Crimes against curators
By Rachael Sparks, on 13 February 2012
It’s a Monday, which is always a tough day, as the emails have had all weekend to pile up and all the things you didn’t manage to do last week now need to be done even more urgently this week. So maybe this is a good day to share some of my personal candidates for a museums’ version of Room 101.
Things that rattle my curatorial cage
1. Intrusive sampling of an object, with absolutely no documentation to tell us a) why it was done, b) when it was done, c) who the irresponsible bastards responsible for having it done were, or d) what they learned from the experience. The result? Beautiful objects with ugly scars slicing through their bodies, now of absolutely no use for display and an embarrassment to teach with, except when trying to train future researchers about what not to do.
2. People who cut off part of the identifying markings on objects when they sample them. You know who you are.
3. Accession numbers written on objects that are either a) too small to read without a microscope – crazy, I know, but I don’t keep one in my office – b) written in black ink on a black object, c) written so they don’t look anything like the number they represent, or d) written beautifully, then covered up with a bubbly layer of varnish that completely obscures the number and makes it impossible to read.
4. Incomplete or obscure accession book entries – because obviously, everyone knows the donor, so you don’t need to give their full name. Particularly helpful when the donor is an unmarried woman, and all we are told is her surname – as there’s a good chance she went on to change her name and therefore become untraceable on the information given.
5. Conservators who work on objects, make wonderfully extensive records about the treatments given, and neglect to record the object’s provenance or any identifying numbers. Except their own lab number, of course.
6. People who take an object out for drawing or photography and use blue-tac to keep it nice and steady while they record it. With a nice, steady, greasy mark left on the object afterwards. Sometimes they even leave the blue-tac in place, just to make sure we notice.
7. Lecturers who turn up without warning and want to have objects out for a class, right away. What do you mean you can’t do it? You’re so unhelpful!
8. Staff who think the artefact store is a good place to dump all their research material. It’s essential research material, and it will only be for a short time. Yeah, right. They never come back to look at it, and then they retire without taking it away. Hugely important material, obviously.
9. Going through the offices of former staff, who leave piles of rubbish for someone else to deal with. And who turn out to have several of your missing artefacts stashed in their filing cabinets. Actually, let me widen that a little. Going into the offices of existing staff, and seeing your missing objects tottering on the top of a filing cabinet. Next to a half-eaten sandwich and a pile of unmarked essays.
I could go on, but I might lose the will to live.
Has a curator ever snapped and gone on a collections rampage? Or are inappropriate sampling, dodgy object markings and impenetrable accession book entries really a form of passive resistance to the pressures of the job? One can only wonder at the feelings that led a museum guard to smash the beautiful Francois vase into hundreds of pieces, or a drunken British Museum visitor to use a sculpture to violently disassemble the Portland vase. So far as I know, none of the UCL Museums & Collections curatorial staff have yet reached this peak of inventiveness; we just get together and grumble from time to time.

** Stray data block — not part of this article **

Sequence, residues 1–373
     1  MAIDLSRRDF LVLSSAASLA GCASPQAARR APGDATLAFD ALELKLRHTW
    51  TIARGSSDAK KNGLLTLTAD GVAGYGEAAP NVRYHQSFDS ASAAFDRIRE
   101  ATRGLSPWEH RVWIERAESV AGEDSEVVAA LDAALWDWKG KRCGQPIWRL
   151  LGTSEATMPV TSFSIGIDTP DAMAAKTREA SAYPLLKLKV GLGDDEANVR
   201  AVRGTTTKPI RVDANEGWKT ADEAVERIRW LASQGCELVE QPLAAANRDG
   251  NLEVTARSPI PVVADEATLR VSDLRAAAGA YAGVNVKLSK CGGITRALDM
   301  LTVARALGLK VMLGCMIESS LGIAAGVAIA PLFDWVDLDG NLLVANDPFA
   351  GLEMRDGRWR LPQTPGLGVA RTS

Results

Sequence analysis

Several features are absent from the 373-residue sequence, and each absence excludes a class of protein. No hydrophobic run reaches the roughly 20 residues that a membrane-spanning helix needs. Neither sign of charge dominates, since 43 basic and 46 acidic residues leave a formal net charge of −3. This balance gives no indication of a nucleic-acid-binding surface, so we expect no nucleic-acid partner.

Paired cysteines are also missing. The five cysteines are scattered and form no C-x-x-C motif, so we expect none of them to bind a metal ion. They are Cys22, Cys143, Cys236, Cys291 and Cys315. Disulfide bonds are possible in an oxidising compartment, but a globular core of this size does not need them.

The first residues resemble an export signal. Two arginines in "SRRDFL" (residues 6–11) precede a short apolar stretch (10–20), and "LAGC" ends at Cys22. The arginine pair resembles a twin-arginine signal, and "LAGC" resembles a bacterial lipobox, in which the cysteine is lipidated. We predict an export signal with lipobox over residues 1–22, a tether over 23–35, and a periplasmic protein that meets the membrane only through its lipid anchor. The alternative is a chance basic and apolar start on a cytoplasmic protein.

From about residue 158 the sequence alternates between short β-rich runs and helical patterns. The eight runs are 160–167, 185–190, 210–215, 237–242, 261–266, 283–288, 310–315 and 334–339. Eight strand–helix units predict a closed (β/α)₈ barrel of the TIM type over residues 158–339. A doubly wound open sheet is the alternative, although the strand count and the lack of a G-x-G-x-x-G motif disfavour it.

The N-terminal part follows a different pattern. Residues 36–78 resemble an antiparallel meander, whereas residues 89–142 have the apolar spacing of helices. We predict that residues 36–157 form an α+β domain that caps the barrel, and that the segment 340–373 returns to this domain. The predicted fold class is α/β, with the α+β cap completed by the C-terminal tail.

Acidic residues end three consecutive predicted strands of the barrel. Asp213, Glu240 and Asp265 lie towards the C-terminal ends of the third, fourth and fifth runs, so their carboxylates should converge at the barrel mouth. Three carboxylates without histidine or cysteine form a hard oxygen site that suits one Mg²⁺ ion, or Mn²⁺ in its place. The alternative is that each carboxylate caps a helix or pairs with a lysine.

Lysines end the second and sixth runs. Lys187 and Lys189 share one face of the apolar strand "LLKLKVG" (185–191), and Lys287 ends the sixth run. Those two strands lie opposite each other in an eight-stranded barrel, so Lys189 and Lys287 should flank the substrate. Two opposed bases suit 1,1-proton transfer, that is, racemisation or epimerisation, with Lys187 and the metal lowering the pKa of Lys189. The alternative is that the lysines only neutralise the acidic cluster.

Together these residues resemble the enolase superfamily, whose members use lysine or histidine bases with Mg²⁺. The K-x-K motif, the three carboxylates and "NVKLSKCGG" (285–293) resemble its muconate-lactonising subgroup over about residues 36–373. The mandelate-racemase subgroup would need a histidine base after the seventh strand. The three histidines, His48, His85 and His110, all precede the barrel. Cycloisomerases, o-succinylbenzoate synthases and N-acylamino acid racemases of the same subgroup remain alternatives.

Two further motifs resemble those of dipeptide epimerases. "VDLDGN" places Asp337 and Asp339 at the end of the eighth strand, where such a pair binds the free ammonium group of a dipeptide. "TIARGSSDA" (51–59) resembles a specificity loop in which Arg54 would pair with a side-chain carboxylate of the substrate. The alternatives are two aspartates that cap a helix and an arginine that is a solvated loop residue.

Perhaps some of you have your own items to add? Or a rival list from the research or teaching staff point of view? Either way, just remember that what doesn’t break us (or our artefacts) makes us strong.
9 Responses to “Crimes against curators”
Mark Carnall wrote on 14 February 2012:
I’d like to add researchers who destructively sample a specimen to work out where the specimen originally came from only to get back to us five years later to ask if we happened to know where the specimen came from because it would help them come up with genetic markers for different localities…
Michael McGinnes wrote on 30 March 2012:
Phd students who spend days looking at everything, whether its relevant or not, and then never send you the results of their work.
Passed curators who used 6 inch nails to hold spears on a wall.
R Hoyle wrote on 5 April 2012:
Front of house staff (volunteers, admittedly) who take objects in undocumented despite repeated instructions not to.
Stuart Evans wrote on 28 May 2012:
curators in a hurry stuffing specimens into backs of cars.
Connor Voyage wrote on 12 June 2012:
The ‘crimes’, like ‘people who cut off part of the identifying markings on objects when they sample them’ and ‘lecturers who turn up without warning and want to have objects out for a class’ will be familiar to anyone who has spent time working in a museum.
Tours, Tatty Bags & Bits in Boxes » Day of Archaeology wrote on 29 June 2012:
[…] and which came back beautifully conserved but without any indication of their parent site (crimes against curators, anyone?). Fortunately some do have excavation labels, and the cryptic field codes are identified […]
UCL Museums & Collections Blog » Blog Archive » Happy 129th Quagga Day – A new specimen? wrote on 12 August 2012:
[…] that would be one more for the list of Crimes Against Curators, started by my colleague Rachael Sparks in Archaeology – writing incorrect information on […]
Researchers who borrow several lots of similar objects (not idividually markable) and return them dumped into one container so they are now inseperable and inifinitely less useful.